Commonwealth cannot abandon commitment to State System of Higher Education

Commonwealth cannot abandon commitment to State System of Higher Education

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By Sen. Vincent J. Hughes

Last week, the Pennsylvania State System of Higher Education, the system made up of our 14 state-owned universities, had the opportunity to testify before the Senate Appropriations Committee.

Unfortunately, instead of working collaboratively to ensure that Pennsylvania students have access to high quality education, members of the committee insulted our system and its professors.

Our state system is a hallmark of this state, due in large part to the people who have devoted their lives to our universities. Students who attend any one of the state system schools enter the classroom knowing that they will be taught by full-time professors. Unlike many universities, graduate student assistants are not teaching classes at PASSHE. Additionally, over 90 percent of state system faculty members have terminal degrees in their fields and dedicate hours beyond what is spent in the classroom.  For every hour spent in front of students, professors spend an additional two to three hours preparing for class, grading papers, advising student organizations, doing service for their universities, and doing research in their fields. This drastically increases the value of a state-school education, but years of underfunding by the state are putting this quality education out of reach for students.

The State System of Higher Education was founded in 1983 with the Commonwealth contributing 75 percent of the cost. Thirty years later, the state’s contribution has fallen to under 25 percent. The situation has become particularly dire in the last few years. Under Governor Corbett, the System saw an 18 percent cut in state funding followed by three years of flat funding – a cut that took funding for the system back to 1986 levels. During the years of draconian cuts from Governor Corbett, PASSHE schools were instructed to keep tuition changes under the rate of inflation. While Governor Tom Wolf has attempted to increase funding for the State System, we still have not been able to fully restore necessary funds to our 14 state-owned universities.

Year after year, the state system is asked to do more for students with less money from the state and increasing pressure not to increase tuition. Students and their families have borne the brunt of this; class sizes have increased, programs have been eliminated, and faculty and staff positions have been cut. These tough decisions have decreased the value of a PASSHE education, even as the cost increases.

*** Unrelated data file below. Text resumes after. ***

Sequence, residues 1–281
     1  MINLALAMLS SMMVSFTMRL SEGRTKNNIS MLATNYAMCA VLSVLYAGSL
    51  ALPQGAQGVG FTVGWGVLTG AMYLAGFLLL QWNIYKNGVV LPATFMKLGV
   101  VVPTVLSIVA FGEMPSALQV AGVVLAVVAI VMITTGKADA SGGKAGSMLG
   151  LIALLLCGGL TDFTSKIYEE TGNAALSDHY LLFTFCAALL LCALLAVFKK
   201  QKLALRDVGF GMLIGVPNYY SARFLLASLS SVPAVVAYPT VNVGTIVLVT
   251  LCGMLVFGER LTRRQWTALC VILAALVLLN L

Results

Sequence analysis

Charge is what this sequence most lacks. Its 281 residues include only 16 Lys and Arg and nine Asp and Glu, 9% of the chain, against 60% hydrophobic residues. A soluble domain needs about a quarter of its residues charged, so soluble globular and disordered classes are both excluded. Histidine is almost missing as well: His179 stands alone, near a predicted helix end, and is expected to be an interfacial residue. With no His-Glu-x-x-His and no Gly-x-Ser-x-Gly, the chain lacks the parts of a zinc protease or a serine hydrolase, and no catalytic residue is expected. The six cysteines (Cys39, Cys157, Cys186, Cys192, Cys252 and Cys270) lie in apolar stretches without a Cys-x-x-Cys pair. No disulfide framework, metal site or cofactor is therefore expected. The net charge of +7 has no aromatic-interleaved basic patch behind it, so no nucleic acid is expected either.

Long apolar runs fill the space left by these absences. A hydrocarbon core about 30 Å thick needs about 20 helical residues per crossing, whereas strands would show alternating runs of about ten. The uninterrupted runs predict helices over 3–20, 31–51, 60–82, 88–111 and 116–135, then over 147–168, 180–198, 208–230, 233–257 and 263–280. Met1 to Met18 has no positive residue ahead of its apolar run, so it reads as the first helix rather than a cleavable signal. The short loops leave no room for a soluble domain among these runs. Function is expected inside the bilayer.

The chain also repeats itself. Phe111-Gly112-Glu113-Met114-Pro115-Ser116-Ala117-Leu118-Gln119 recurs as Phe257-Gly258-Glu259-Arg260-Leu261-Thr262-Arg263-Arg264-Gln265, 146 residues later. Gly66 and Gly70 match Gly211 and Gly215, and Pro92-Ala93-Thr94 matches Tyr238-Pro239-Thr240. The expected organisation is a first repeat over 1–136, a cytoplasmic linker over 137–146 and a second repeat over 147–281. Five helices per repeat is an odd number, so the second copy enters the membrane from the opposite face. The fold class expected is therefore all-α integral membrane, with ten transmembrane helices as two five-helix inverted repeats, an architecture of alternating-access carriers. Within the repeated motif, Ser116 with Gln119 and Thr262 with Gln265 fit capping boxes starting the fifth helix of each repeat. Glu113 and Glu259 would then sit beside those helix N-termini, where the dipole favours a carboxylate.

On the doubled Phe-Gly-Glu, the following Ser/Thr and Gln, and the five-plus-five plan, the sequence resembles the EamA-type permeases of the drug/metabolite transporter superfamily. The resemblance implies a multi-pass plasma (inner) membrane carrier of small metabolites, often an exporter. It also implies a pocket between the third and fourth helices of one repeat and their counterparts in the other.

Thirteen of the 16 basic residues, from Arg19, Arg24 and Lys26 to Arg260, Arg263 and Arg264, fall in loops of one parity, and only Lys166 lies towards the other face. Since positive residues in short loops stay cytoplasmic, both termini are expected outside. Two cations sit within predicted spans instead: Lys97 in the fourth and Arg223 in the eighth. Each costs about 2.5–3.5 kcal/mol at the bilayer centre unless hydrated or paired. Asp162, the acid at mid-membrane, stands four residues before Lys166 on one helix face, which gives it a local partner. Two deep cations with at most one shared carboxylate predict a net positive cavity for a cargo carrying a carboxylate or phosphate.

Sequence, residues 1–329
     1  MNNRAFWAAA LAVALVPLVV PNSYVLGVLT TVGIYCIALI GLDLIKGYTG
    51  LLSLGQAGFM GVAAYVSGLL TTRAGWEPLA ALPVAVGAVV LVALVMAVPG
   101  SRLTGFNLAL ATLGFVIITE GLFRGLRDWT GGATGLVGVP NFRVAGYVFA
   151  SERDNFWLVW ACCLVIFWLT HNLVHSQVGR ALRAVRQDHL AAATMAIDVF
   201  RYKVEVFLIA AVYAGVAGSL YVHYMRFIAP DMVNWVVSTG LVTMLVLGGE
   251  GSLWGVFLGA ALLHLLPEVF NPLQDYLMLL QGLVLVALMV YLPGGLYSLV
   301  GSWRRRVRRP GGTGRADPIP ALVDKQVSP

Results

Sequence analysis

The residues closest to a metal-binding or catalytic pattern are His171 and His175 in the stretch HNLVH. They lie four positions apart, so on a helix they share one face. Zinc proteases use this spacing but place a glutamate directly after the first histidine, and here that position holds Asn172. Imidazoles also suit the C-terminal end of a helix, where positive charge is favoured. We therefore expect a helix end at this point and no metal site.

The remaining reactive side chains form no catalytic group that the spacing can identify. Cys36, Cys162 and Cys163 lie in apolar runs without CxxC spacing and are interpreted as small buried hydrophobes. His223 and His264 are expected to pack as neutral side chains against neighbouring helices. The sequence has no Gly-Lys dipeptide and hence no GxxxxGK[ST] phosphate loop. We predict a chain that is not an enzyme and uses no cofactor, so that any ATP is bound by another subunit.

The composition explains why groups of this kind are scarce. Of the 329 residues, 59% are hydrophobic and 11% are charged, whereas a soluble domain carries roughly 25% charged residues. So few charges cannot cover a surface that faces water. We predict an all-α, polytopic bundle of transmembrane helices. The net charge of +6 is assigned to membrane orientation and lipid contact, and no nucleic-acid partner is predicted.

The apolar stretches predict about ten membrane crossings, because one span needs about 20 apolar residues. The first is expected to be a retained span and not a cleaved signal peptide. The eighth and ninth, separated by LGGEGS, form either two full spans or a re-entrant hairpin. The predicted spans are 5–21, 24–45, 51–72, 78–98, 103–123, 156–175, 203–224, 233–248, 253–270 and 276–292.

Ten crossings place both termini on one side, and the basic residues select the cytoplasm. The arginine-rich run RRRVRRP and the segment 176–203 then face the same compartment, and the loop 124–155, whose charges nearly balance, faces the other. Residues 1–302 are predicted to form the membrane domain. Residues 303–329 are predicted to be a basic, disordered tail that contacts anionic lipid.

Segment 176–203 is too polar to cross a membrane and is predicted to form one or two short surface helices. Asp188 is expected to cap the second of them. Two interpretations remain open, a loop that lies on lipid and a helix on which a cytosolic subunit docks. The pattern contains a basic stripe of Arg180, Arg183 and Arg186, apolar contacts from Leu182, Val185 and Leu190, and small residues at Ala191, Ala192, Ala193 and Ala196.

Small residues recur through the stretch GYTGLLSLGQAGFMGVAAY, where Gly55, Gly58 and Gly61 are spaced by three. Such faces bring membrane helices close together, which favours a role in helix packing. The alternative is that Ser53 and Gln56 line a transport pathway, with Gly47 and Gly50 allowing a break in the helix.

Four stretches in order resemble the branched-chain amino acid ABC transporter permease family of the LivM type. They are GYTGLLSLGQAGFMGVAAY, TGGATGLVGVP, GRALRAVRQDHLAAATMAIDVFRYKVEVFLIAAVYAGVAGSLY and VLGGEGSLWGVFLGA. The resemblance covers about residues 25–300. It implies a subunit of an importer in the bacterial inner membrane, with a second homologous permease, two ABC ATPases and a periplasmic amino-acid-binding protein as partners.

No school in the system has felt the pain of decreased funding as harshly as Cheyney University. Cheyney is one of the oldest schools in the system, and the oldest Historically Black College & University (HBCU) in the country. HBCUs have a rich history of providing students from traditionally underserved backgrounds with quality education, but have seen declining enrollment as other institutions have boosted their diversity recruitment. This is not a death knell for Cheyney, but it does make state funding even more paramount for the potentially thousands of students who will thrive at the university.

Like all schools in the system, Cheyney has been forced to cut its spending, but this is not a sustainable solution.   In order for Cheyney to continue to provide the rich experience that it has offered students since 1837, it must provide a robust education taught by top-notch faculty in modern facilities.  The commitment to this mission is crucial as the U.S. Department of Education, Office of Civil Rights, continues to monitor our treatment of Cheyney due to the sad history of discriminatory treatment of African-Americans in higher education in Pennsylvania.

Years of neglect have put all of our universities at a turning point. Some universities have proposed moving to fee-per-credit models that ultimately increase the cost of a four-year education for full-time students. Entire departments have been cut and professors have been laid off. These solutions do not benefit the System, its students or our state.

The System was chartered to provide an affordable, high-quality education for students of the Commonwealth. We are failing students in this mission. We are sacrificing quality as we continue to make cuts and push far too much of the cost onto students and their families. Governor Tom Wolf’s proposed increase of $45 million to the system will help, but it is not enough. We must fight for more and continue to reinvest.

Now is the time to return the State System to its original mission to provide high quality education at an affordable price. We can only achieve that goal with strong and reliable funding from the State.

Sen. Vincent J. Hughes is Democratic Chair of the Senate Appropriations Committee.